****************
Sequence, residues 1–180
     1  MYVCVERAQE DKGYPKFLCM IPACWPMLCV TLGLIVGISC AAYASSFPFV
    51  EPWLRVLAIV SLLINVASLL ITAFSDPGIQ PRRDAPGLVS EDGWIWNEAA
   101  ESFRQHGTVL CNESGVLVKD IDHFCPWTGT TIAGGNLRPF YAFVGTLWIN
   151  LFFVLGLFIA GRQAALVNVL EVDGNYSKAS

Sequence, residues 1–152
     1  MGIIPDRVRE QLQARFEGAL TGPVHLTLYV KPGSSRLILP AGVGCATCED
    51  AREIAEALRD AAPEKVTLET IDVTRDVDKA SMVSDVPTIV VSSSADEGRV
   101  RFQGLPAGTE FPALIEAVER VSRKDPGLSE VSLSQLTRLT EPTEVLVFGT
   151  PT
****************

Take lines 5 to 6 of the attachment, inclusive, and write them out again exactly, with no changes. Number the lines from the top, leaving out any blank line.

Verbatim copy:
   151  LFFVLGLFIA GRQAALVNVL EVDGNYSKAS

Sequence, residues 1–152